Things get steadily worse, and our hero's sanity begins to unwind. He attempts a half-hearted flirtation with a teenage poet who writes about horses. He fantasizes about putting on a glorious literary festival in his small city, and battles with the local arts council representatives who obstruct his plans. He writes lonely letters to his ex-wife and attempts to befriend Norman Mailer. It's all very funny, as his egotistical self-deceptions thicken into a fatal mess. We hear one side of the story, and can only imagine the reactions these letters get: it's like a Bob Newhart comedy routine as told by Dostoevsky.
Cry of the Sloth is Sam Savage's second novel, and it's similar to his first, Firmin, which was a Litblog Coop selection as well as a surprising sensation in Italy and elsewhere in Europe. Firmin was not a breakthrough hit in the USA, though it should have been, and this may be because it was about a rodent. Mark Sarvas passed over the book during the Morning News 2007 Tournament of Books, and cited this as one major reason: "Savage gives it his best shot, and at times Firmin is an affecting presence. But in the final analysis, he’s a rat and his plight never feels real because rats don’t think, talk, or write books!"
This is a valid point, and the good news is that The Cry of the Sloth offers the same sensibility and tragic trajectory as Firmin but is about a human being (the animal named in the book's title is purely metaphorical). I was thrilled by Firmin but I think the new novel is even better. It also reminds me a bit of Nicholson Baker's The Anthologist, another comic novel about a desperate middle-aged literateur, and I think it's better than The Anthologist too. I love this book, I recommend it highly, and I hope it is eventually recognized as a classic satire of the literary life.
2. Herta Mueller writes about Romania during the painful years of the Nicolai Ceausecsu regime, and coincidentally I've been reading a impressive new novel about the same subject, Velvet Totalitarianism by Claudia Moscovici. You can find an excerpt from the introduction on the author's MySpace page.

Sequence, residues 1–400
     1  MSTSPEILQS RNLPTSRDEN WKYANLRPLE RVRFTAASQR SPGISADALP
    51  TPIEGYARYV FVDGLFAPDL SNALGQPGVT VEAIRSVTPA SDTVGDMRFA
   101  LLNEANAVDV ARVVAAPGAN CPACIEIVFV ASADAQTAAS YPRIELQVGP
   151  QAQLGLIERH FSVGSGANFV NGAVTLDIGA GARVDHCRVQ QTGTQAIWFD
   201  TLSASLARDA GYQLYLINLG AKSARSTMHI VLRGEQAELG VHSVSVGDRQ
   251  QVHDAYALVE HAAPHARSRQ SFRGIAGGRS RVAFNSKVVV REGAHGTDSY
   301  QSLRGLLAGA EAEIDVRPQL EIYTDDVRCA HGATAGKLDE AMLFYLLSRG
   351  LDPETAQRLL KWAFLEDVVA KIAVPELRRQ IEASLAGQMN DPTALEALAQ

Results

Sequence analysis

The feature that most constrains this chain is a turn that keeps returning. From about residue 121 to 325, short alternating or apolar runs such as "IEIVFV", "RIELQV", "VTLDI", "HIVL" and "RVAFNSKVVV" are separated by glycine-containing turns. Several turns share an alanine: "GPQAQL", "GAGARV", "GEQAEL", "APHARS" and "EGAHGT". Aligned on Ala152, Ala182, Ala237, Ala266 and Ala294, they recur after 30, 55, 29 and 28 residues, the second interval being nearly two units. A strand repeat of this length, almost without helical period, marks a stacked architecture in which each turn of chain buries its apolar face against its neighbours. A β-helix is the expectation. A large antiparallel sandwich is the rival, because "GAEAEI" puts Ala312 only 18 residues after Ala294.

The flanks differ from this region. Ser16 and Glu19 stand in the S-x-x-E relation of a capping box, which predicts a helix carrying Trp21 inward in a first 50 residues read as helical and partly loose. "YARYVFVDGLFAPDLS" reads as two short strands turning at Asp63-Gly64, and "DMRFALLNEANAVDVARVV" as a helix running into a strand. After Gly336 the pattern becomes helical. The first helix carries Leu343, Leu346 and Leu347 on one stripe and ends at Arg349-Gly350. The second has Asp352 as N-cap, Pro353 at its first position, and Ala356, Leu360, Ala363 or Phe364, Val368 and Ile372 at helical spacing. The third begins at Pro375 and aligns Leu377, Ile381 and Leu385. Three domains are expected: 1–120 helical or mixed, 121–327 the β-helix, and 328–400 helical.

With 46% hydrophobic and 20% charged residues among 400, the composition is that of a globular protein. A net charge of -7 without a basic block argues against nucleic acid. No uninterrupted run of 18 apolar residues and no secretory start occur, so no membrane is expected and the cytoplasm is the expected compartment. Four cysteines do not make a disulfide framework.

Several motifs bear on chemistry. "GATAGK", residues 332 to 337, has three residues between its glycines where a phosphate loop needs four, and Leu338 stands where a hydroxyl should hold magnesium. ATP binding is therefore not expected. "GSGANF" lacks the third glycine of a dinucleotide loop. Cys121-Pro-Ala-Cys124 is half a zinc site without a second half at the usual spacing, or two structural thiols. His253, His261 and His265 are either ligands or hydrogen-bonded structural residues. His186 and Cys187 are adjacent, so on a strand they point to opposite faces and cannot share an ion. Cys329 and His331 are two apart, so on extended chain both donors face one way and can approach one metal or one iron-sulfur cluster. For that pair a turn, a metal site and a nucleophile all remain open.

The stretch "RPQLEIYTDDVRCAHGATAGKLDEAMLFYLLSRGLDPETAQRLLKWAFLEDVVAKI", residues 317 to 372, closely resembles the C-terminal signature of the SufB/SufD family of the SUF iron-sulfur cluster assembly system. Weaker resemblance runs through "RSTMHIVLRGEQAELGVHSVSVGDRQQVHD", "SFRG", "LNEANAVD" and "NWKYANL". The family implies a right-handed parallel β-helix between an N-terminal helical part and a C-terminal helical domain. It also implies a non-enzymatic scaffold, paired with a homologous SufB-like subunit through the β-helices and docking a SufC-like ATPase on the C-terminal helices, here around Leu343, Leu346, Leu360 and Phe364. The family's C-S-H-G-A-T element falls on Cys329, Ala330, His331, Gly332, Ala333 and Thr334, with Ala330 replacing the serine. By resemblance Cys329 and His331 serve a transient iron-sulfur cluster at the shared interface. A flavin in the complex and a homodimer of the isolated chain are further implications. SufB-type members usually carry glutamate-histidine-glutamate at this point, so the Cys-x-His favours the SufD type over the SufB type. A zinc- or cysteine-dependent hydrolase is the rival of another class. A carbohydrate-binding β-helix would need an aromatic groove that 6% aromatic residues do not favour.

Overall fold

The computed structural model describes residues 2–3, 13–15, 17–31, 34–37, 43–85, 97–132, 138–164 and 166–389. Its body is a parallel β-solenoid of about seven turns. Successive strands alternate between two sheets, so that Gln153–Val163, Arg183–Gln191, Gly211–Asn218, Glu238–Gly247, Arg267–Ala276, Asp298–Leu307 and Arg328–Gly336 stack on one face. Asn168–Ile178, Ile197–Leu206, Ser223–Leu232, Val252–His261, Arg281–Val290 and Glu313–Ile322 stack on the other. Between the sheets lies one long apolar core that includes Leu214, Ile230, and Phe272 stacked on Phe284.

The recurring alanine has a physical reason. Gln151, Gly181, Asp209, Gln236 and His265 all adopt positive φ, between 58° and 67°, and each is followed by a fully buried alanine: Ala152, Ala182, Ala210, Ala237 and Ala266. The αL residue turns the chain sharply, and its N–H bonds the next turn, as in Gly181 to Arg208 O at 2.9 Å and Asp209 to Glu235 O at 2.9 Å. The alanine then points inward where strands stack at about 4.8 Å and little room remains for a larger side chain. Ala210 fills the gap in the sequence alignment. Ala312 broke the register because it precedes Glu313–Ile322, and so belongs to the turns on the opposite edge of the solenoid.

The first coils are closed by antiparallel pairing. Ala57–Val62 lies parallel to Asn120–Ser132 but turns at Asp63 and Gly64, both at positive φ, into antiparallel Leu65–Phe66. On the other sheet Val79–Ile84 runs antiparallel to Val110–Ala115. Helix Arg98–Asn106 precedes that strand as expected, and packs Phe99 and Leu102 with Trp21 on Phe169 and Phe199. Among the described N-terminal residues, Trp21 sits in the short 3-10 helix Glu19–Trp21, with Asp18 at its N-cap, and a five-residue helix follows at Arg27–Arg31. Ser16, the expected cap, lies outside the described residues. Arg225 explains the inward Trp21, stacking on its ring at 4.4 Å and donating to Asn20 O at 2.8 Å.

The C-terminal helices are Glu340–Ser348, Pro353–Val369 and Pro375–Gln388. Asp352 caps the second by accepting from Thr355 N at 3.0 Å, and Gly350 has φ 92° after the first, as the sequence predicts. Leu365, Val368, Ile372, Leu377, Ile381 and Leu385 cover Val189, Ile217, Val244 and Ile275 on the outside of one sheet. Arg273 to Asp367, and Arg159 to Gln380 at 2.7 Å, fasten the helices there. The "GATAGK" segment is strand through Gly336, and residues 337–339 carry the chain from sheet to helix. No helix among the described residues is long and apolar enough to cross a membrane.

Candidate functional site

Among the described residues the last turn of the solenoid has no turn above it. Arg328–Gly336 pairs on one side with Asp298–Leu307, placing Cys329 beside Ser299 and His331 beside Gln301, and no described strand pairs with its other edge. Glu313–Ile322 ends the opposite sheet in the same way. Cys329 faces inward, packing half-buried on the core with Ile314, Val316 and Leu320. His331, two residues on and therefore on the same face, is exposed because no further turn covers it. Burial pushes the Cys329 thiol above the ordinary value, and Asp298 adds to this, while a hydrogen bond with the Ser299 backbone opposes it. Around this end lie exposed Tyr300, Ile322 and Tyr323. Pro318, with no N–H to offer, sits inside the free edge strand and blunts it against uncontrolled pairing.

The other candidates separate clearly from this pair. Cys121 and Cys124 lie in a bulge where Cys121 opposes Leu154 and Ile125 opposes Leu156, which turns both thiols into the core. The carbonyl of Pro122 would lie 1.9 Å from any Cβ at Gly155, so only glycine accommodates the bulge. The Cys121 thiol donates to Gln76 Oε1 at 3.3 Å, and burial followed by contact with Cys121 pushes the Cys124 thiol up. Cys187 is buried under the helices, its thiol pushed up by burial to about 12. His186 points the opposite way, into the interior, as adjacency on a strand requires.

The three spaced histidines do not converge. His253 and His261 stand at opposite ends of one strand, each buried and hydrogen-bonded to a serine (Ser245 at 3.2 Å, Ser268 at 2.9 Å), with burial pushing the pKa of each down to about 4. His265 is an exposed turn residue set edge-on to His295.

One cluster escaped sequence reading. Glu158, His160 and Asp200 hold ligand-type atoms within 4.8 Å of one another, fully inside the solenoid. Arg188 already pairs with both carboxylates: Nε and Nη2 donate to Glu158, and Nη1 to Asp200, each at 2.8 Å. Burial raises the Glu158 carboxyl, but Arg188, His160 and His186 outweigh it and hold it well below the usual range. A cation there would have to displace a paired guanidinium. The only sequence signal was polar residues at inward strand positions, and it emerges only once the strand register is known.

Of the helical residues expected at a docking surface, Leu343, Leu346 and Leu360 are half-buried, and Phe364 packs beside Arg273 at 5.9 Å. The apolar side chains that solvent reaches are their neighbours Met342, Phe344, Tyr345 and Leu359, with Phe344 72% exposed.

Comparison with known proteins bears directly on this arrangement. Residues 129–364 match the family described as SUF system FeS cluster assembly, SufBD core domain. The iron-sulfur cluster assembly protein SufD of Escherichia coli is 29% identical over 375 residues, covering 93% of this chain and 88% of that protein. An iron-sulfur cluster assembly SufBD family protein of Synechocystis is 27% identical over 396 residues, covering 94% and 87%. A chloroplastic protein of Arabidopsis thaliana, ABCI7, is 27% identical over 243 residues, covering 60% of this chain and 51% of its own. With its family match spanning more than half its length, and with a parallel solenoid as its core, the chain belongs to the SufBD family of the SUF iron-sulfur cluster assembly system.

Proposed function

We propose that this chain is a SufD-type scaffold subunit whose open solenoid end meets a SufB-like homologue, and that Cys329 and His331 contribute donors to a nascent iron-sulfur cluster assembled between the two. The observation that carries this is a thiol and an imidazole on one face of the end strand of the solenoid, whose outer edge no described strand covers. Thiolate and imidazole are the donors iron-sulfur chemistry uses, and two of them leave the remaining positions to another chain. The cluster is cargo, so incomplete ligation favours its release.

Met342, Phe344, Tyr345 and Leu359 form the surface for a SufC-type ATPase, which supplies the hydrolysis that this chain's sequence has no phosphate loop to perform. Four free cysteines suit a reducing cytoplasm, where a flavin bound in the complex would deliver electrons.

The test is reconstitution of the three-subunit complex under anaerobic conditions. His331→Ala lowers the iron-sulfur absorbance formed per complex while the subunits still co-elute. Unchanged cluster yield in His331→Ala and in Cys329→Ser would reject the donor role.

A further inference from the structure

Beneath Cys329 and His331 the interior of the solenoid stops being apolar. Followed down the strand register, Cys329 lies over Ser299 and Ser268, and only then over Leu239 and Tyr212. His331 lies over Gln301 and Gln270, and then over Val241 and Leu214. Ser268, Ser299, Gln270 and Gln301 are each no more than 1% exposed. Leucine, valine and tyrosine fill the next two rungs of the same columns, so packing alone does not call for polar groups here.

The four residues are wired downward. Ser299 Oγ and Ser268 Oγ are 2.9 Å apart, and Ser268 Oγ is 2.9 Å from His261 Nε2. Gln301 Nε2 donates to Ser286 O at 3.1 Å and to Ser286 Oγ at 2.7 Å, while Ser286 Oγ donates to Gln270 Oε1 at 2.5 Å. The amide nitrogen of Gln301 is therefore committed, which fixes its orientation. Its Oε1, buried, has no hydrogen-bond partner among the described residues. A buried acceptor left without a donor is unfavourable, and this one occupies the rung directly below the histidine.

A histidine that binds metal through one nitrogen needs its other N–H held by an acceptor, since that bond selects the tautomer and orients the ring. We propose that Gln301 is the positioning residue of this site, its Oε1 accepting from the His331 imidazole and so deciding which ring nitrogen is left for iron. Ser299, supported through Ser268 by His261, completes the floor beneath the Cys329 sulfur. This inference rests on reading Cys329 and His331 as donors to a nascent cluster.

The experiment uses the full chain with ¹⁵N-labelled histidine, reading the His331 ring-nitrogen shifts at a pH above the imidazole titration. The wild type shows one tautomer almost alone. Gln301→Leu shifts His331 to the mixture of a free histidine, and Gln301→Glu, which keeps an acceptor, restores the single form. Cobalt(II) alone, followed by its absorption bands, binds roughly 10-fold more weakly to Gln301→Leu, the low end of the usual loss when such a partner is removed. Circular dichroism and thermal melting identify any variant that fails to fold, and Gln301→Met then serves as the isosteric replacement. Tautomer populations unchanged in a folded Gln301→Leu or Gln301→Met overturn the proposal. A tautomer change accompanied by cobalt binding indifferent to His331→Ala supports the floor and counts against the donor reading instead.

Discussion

1. I think it's pretty amazing that Google is putting deep newspaper archives online, including not only the Halifax Gazette (1753 issue, pictured above) but the complete Village Voice, dating back to the 1950s. You know the phrase "An embarrassment of riches"? This is, to me, an embarrassment of archives, because I want to read it all but I just don't know where I will find the time.
2. Words Without Borders presents Into The Wild: International Nature Writing. Nice.
3. Matthew Pearl, author of The Dante Club, on what it is about Dante.
4. Why Dante? Why Plato? Personally, I get much more out of Plato than Dante, but then I'm not Catholic. Nor Guelph.
5. Somebody's putting on a play about Allen Ginsberg's Kaddish (always a favorite poem of mine).
6. "Fingerblast" is a music video by Adira Amram, who is clearly channeling the "She-bop"-era 1980s.
7. Speaking of the 1980s, it's a fact that John Hughes was among the best comedy film directors of all time (though, let's be honest, he managed to be great exactly three times -- Sixteen Candles, Breakfast Club, Ferris -- and was otherwise way too willing to churn out profitable but repetitive junk). I remember reading him in National Lampoon magazine before he switched to film, and I hope National Lampoon will consider publishing a retrospective of his early work there. Or maybe Google will eventually index the Lampoon archives.
8. Speaking of the 1980s, here's Mike Watt at the Bowery Poetry Club, remembering the Minutemen.
9. Jay Diamond appreciates Jay-Z.
10. Bobby McFerrin does something a lot cooler than "Don't Worry, Be Happy".
12. David Updike writes about his father.
13. I'm confused why, if great singer Nick Cave has written a book, he's now singing it. Maybe he knows what he's doing, but I don't, because to me this kind of kills the novelty of Nick Cave creating a book instead of another record.
14. Richard Nash on the end of indie culture. "Which is OK, because it won. Open source, Twitter. Indie won. Etsy. The irresistible decline of major labels and network TV and corporate publishing. Indie won." Now what?